Talks Tech #50: Building More Inclusive Android Apps: Animation and Reduced Movement
Eeva-Jonna Panula, Accessibility Specialist and Senior Android Developer at Oura, shares her talk, “Building More Inclusive Android Apps, Animation, and Reduced Movement.” She discusses disabilities and impairments that can be affected by motion on tech devices. She shares things that should be considered in making technology accessible and inclusive.
When I talk about accessibility, I mean that anyone, despite having disabilities or impairments, can use a digital product. This also means that these digital products work with assistive technologies such as screen readers or switch devices or different settings such as reduce motion or remove animations. Animations can actually trigger different kinds of symptoms such as nausea, dizziness, feeling disoriented, or seizures. They can also be really distracting. It's not just about these disabilities, but I want to raise awareness. Vestibular disorders is an umbrella term for different disorders or conditions that affect the vestibular system, the system that affects balance. Some examples of these vestibular disorders are, for example, benign paroxysmal positional vertigo, vestibular migraine, Labyrinthitis or vestibular neuritis or many iris disease, age-related dizziness and imbalance or vestibular damage due to head injury or secondary endolymphatic hydrops. Traumatic brain injuries might cause some of these vestibular disorders, ear infection, migraines, strokes, and sometimes the reason remains unknown. Vestibular disorders can cause animations to be not so pleasant. Cognitive disabilities, autism, and ADHD are examples of conditions that might affect concentration.
I'm going to use Val Head's article, Designing Safer Web Animation For Motion Sensitivity as a resource. Val Head found three reasons for movement being problematic. These are relative size of the movement, mismatched directions, and distance covered. If the animation is relatively big, it's more likely to trigger symptoms than if the relative size is small. Even on a mobile phone screen, if the animation takes the whole screen, like a transition from one activity to another, that might be really problematic. It's also about perceived space. Then the mismatched directions and speed is if you are scrolling one way and the movement goes another way, that might be really problematic. Parallax scrolling is another problem. Usually the speed directions are mismatched compared to when the user is scrolling down. This is more visible on the web, but I've seen it on mobile as well. The third one is the distance covered. If the actual screen is big and then it covers the whole screen, that's really problematic, especially if it goes in a direction or at a speed that's mismatched with scrolling. These were the three things I wanted to raise from Val Head's article. The fourth problematic thing is movement near content. Not all animations are bad. Some can help to, for example, build connections between items and help users to understand relationships between two items or concepts.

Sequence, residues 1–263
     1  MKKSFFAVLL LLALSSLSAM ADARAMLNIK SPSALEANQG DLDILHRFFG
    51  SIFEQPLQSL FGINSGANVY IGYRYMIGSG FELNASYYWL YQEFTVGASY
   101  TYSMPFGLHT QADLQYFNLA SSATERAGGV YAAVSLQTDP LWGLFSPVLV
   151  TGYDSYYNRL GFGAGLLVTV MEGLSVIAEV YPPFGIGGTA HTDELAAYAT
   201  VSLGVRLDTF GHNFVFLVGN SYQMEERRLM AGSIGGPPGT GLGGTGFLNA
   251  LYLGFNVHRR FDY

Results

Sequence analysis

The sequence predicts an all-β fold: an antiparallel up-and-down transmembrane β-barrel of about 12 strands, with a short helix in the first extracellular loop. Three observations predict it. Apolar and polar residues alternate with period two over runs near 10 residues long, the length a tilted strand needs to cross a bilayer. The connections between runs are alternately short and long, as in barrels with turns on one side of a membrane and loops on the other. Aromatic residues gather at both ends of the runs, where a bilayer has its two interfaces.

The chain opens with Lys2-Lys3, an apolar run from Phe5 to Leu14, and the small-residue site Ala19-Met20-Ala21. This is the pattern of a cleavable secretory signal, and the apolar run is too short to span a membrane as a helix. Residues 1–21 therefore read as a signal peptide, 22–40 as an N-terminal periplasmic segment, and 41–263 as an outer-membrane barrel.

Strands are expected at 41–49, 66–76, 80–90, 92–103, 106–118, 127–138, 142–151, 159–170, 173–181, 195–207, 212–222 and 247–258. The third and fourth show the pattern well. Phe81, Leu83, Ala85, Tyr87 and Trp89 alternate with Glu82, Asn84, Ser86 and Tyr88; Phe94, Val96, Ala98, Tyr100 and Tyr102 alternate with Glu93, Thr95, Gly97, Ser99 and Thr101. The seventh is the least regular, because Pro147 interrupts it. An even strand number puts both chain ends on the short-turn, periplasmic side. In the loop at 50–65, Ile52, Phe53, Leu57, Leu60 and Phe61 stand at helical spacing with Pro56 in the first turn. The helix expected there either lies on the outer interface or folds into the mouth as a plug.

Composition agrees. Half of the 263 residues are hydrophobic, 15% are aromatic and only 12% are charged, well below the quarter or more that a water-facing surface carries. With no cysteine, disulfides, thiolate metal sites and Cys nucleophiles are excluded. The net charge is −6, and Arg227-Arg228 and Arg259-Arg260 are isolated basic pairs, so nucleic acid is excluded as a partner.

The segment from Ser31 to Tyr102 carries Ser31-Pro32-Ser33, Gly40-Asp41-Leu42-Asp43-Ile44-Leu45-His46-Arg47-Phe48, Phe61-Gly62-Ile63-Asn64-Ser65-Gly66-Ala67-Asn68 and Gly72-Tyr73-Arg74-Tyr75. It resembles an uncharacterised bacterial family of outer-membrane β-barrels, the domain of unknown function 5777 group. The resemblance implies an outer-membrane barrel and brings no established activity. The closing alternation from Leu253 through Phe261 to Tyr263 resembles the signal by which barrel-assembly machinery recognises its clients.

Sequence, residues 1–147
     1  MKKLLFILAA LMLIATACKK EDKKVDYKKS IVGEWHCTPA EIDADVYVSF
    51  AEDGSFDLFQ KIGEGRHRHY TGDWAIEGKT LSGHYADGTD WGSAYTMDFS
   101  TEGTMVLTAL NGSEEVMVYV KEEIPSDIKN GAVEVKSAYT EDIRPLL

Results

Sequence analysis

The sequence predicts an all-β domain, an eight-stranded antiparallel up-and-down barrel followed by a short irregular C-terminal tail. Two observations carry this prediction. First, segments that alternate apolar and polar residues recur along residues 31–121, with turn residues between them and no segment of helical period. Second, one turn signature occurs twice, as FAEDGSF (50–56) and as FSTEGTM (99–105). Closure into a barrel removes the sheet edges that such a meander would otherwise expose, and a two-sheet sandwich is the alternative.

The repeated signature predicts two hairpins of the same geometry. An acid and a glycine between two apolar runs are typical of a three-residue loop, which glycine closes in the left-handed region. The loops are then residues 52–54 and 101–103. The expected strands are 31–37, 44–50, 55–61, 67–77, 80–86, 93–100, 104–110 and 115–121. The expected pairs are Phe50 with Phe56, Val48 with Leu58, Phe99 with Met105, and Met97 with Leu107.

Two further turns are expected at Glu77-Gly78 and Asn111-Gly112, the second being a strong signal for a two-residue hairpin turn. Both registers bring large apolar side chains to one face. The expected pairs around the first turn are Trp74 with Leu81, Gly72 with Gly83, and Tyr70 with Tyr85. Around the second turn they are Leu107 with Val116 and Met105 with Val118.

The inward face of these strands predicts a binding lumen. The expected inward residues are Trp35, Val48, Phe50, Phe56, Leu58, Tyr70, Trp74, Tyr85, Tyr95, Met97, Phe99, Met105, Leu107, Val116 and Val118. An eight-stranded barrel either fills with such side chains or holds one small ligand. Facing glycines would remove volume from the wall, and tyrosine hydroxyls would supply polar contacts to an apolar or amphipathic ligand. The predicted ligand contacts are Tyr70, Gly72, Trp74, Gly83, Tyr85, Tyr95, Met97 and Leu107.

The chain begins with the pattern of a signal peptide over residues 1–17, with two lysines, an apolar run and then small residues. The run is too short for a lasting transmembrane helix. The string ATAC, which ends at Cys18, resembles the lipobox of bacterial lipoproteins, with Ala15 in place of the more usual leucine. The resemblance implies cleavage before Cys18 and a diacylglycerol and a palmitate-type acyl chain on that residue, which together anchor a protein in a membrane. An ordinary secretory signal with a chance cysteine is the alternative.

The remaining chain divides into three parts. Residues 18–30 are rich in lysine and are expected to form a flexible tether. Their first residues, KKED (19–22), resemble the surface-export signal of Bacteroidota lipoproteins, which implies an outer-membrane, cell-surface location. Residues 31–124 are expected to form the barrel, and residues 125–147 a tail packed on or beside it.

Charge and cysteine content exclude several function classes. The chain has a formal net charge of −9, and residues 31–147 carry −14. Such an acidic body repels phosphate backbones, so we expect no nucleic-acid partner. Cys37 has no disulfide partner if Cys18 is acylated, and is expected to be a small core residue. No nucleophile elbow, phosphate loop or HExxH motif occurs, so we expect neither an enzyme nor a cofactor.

There is a setting called either reduced motion or remove animations. On IOS, I think it's called reduced motion, but then on Android it is most likely called remove animations and on the web, it's called reduced motion. It's an operating system level setting and websites and apps can actually respect it. The mobile side of things are better because they’re usually respected. On the web, it’s not as good because it's respected only if the developer decides to implement this support for this setting, and usually they don't. Nobody usually knows about this reduced motion. On your Android phone, you can find the setting from settings, and then it's usually under Accessibility Settings, and then there is something like vision. On my phone it's vision and then turn animations off, but it might be something else. Using your favorite search engine, put your phone and turn animations off, you will probably find the instructions for finding the setting.
From a development perspective, it's respected in most of the cases. When it's animator-based, then it's respected. It doesn't show the animation then, or if the app is built with Jetpack Compose version 1.2.0 or higher, then it's respected. There are some times when you want to check if the setting is on programmatically or you know that it's not respected automatically. You need to implement support. If you are using Compose version, that is lower than 1.2.0, then it's not respected. If you are using something like Lottie to show the animation, I suggest checking or testing how it looks when the setting is on. To check it, look at the code. If reduced motion is enabled, first get the value of the animator duration scale from settings. Its value is a float and we can get it with Settings.Global.getFloat. Then add the context.contentResolver to it. What we get from there is Settings.Global.ANIMATOR_DURATION_SCALE. That is the piece of information that we want to know. If it's implemented and the reduced motion is enabled, the value is zero. We try to get that float value. If there is a setting or setting not found exception, we catch that value and set the value to one because it can be any number that is not zero. If it's not, the setting is not implemented, it's not there, then we can safely assume that the reduced motion is not enabled. We have the animation duration. If the setting is there, it's zero. If it's there and it's enabled, then it's zero. If it's not enabled, it's something else than zero.